Who to ambition sacrificed his love.

Aspasia he has spared ; but for her wound

(Neglected love !) there could no salve be found.

When next we act this tragedy again, 15

Unless you like the change, I must be slain.
Excess of love was heretofore the cause ;
Now if I die, 'tis want of your applause.



Q 2



228 POEMS OF



OF THE INVASION AND DEFEAT OF THE
TURKS, IN THE YEAR 1683.

THE modern Nimrod, with a safe delight
Pursuing beasts, that save themselves by flight,
Grown proud, and weary of his wonted game,
Would Christians chase, and sacrifice to fame.

A prince with eunuchs and the softer sex 5

Shut up so long, would warlike nations vex,
Provoke the German, and, neglecting heaven,
Forget the truce for which his oath was given.

His Grand Vizier, presuming to invest
The chief imperial city of the west, IO

With the first charge compelled in haste to rise,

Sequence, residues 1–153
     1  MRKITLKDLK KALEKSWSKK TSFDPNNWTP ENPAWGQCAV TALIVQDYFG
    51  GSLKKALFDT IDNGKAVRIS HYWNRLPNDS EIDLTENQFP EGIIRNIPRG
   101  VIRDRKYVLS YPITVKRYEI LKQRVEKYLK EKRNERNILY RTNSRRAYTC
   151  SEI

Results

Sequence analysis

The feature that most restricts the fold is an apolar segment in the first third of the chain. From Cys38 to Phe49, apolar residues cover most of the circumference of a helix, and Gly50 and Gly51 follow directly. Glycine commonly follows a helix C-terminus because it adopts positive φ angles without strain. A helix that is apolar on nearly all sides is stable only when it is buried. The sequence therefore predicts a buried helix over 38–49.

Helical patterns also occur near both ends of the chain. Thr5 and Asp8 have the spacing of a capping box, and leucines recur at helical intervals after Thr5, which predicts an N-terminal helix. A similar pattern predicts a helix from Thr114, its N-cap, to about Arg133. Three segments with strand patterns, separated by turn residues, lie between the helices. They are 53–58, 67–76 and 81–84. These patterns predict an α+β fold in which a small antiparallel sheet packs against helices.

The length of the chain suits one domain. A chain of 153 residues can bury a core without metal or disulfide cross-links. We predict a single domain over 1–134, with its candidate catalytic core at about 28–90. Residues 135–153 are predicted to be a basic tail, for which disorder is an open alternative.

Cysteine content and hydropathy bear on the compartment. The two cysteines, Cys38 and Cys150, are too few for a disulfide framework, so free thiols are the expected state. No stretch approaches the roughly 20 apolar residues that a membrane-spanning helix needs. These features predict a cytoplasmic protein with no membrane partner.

His treasure, tents, and cannon, left a prize ;
The standard lost, and janizaries slain,
Render the hopes he gave his master vain.
The flying Turks, that bring these tidings home, 15
Renew the memory of his father's doom ;
And his guard murmurs, that so often brings
Down from the throne their unsuccessful kings.

The trembling Sultan's forced to expiate
His own ill-conduct by another's fate. 20

The Grand Vizier, a tyrant, though a slave,



EDMUND WALLER. 229

A fair example to his master gave ;

He Bassa's head, to save his own, made fly,

And now, the Sultan to preserve, must die.

The fatal bowstring was not in his thought, 25

When, breaking truce, he so unjustly fought ;
Made the world tremble with a numerous host,
And of undoubted victory did boast.